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Immunology of Helicobacter pylori infection
Helicobacter pylori is a Gram-negative, spiral bacterium that colonizes the gastric mucosa of at least 50% of the world's population and plays a causative role in the development of chronic gastritis as well as in gastric and duodenal ulcers. H. pylori triggers vigorous humoral and cellular immune responses in both systemic and mucosal compartments. In spite of this response, the vast majority of infected hosts are unable to clear the infection, and it persists for decades. Although Helicobacter is tolerated by a naive host organism, preclinical studies have demonstrated that prophylactic or therapeutic vaccinations efficiently clear Helicobacter from the stomach. The understanding of the mechanisms leading to the Helicobacter persistence or the vaccine-induced eradication of Helicobacter in animal models will help to define optimal immunization strategies for future anti-Helicobacter vaccination clinical trials.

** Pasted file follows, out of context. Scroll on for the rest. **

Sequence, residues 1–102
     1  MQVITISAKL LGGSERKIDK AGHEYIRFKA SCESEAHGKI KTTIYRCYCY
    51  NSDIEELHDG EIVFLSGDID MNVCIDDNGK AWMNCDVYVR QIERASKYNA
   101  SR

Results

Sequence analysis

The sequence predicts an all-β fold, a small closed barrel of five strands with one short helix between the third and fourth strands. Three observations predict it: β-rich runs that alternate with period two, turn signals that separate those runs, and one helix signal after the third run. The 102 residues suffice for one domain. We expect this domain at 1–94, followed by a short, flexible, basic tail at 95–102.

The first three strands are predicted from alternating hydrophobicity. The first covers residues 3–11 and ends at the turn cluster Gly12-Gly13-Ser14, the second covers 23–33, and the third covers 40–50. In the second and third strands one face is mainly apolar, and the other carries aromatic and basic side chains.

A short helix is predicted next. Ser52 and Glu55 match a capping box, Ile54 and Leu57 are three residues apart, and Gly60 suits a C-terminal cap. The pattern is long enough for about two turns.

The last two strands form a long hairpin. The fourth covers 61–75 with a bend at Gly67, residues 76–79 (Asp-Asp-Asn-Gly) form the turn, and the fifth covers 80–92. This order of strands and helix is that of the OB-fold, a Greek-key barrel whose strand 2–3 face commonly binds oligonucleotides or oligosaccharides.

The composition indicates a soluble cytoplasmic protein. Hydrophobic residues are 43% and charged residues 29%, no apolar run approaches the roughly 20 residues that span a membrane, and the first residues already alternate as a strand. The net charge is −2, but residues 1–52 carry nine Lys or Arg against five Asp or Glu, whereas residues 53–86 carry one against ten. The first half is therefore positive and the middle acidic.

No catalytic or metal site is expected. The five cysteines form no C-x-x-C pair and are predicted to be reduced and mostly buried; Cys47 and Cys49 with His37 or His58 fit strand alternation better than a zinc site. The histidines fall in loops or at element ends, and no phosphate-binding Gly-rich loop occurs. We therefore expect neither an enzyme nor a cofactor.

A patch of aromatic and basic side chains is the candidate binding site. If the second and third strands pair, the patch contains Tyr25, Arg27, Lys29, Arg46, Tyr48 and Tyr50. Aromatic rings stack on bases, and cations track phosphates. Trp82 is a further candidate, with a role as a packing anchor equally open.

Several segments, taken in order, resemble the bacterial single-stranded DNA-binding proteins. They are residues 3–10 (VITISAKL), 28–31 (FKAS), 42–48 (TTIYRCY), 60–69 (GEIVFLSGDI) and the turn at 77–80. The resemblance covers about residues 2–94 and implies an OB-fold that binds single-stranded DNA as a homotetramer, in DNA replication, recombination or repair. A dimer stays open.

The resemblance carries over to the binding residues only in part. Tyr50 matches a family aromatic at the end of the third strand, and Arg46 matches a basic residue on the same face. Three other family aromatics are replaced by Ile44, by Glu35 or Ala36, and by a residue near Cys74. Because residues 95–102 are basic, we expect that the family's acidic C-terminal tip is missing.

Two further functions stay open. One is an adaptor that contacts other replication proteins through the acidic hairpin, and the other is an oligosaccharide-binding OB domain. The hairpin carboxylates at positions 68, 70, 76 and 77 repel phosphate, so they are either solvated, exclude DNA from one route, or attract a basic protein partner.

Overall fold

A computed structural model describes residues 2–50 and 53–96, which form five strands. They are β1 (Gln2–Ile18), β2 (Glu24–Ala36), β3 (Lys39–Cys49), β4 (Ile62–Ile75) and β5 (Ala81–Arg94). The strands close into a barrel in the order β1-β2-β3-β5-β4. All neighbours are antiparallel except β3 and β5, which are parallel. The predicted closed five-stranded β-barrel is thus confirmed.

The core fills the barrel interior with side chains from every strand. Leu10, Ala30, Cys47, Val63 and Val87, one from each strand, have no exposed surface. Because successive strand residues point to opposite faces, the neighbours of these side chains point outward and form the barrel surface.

Animals Bacterial Vaccines/immunology Gastritis/*immunology/microbiology Helicobacter Infections/*immunology *Helicobacter pylori/immunology/pathogenicity Humans Mast Cells/immunology Peptic Ulcer/*immunology/microbiology
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